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The Lasagna Challenge

Posted by on November 22, 2011

Having gone to a Catholic high school, nearly everyone I knew had Irish or Italian roots. To me, that’s normal. So I suppose in my blogging, my Southern Pennsylvania culture doesn’t come up much. This, of course, is why God gave us sisters: for correction inspiration. Enter the Lasagna Challenge. After a conversation that included the sentence, “What do you mean you don’t cook lasagna?” and “Please tell me you own a coffee pot…Okay, at least a tea kettle!?”, my sister has challenged me to venture into the realm of cheesy goodness that is my Italian side. So, once a month for the next three (at least) months, I will make a lasagna a month and tell you ALL about it.

Now, in my defense, I don’t regularly make lasagna (errr–Ever. Mom: How have you never made lasagna? What did I teach you, anyway?) because I find the cheese to be an expensive add-in. But let me tell you, I made Classic  Lasagna last night and it was delicious, and so worth it!

I forgot to mention the last part of the challenge: I have to follow the directions. All of them. Without skipping or improvising. This is SO. HARD. I had to stop myself yesterday from throwing in random veggies, cutting out cheese, etc. Actually, let’s be honest. I’m terrible at directions and ended up getting so distracted by them that I ended up with four extra noodles (Mom: That’s because you missed a layer. Me: No, it’s because they put too many noodles in the box)(Loved the running commentary of my Mom on the phone who told me her grandparents would be rolling in their graves to know I wasn’t using hard-boiled eggs in my lasagna. We agree that’s just too gross to consider).

In terms of cost, it’s fairly cost-effective:

ricotta: 5.58
no boil noodles: 1.99
pasta sauce: 3.99
mozzarella: 4.98
parmesan; 5.00
basil: 1.79 = 23.33

8 portions: $2.91/portion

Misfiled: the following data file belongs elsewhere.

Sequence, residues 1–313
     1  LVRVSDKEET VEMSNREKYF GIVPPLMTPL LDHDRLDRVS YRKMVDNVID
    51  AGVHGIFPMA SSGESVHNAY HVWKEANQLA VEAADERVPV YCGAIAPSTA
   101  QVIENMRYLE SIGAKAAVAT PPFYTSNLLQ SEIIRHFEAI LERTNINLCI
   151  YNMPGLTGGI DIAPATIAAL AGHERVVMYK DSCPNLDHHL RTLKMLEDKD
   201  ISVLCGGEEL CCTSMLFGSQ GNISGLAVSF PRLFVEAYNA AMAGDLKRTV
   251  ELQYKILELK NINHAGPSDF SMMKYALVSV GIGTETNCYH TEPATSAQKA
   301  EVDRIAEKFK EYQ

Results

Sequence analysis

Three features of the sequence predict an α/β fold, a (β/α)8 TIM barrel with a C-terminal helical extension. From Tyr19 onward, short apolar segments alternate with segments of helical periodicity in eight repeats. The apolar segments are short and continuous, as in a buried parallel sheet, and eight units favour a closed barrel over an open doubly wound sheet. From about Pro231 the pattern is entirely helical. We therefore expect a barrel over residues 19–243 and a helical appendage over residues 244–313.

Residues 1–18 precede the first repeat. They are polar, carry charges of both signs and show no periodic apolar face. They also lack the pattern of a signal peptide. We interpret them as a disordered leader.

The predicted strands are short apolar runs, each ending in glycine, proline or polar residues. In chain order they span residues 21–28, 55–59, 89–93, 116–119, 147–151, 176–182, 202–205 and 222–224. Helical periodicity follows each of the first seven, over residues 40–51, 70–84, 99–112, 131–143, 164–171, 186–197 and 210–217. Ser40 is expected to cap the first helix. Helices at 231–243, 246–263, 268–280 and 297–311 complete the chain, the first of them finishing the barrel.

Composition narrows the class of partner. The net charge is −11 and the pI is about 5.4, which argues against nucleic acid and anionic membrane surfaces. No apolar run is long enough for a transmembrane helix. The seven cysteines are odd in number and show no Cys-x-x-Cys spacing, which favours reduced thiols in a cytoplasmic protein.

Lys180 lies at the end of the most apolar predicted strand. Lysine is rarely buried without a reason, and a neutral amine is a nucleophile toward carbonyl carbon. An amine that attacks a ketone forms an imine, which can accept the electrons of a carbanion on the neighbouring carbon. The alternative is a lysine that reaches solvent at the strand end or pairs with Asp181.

Oh, and a word about ricotta cheese. In my world, this is a staple and is delicious and should be in every grocery store. However, I’m not sure whether it’s a Canada thing or a not-Italian-city thing or a living-inner-city thing, but ricotta was a two-grocery-store-item. I was not amused to have to hunt for ricotta cheese. But I’d say that’s a first world problem. I digress.

Bottom line? Lasagna is a great dish to make for company as it’s filling, makes the house smell amazing and bakes while you wash dishes and shove things in closets clean.

Have a favorite lasagna recipe you’d like me to try? Or, want to bribe me to make lasagna for you? I accept bribes in the form of pumpkin spice lattes, brownies and cash.

8 Responses to The Lasagna Challenge

  1. Ryan Miller

    So, while I support you making lasagna, I don’t really understand why anyone would try to resist the urge to add random delicious vegetables….

  2. Team Oyeniyi

    Doesn’t sound like lasagne to me. Where is the mortadella? There is no ricotta in lasagne. Whate are Americans doing to a perfectly good Italian dish??????

    NOODLES???? In Lasagne???

    Aaaaargggggggghhhhhhhhhhhhhhh

    I’ll have to get you a proper recipe!!! 😆

    • Amelia

      Your post left me scratching my head. I’m dying to see this “proper” recipe, haha. I’ll have to try making lasagne, Aussie style. What’s wrong with noodles?

      -Confused

  3. Team Oyeniyi

    Noodles are Asian, pasta is Italian – LOL – although perhaps you northern types use the words interchangeably!

    • Amelia

      Ahh I see the problem. Yes, I meant pasta, haha. I was wondering what kind of lasagna you were talking about–without pasta!

Thoughts? I love hearing from you!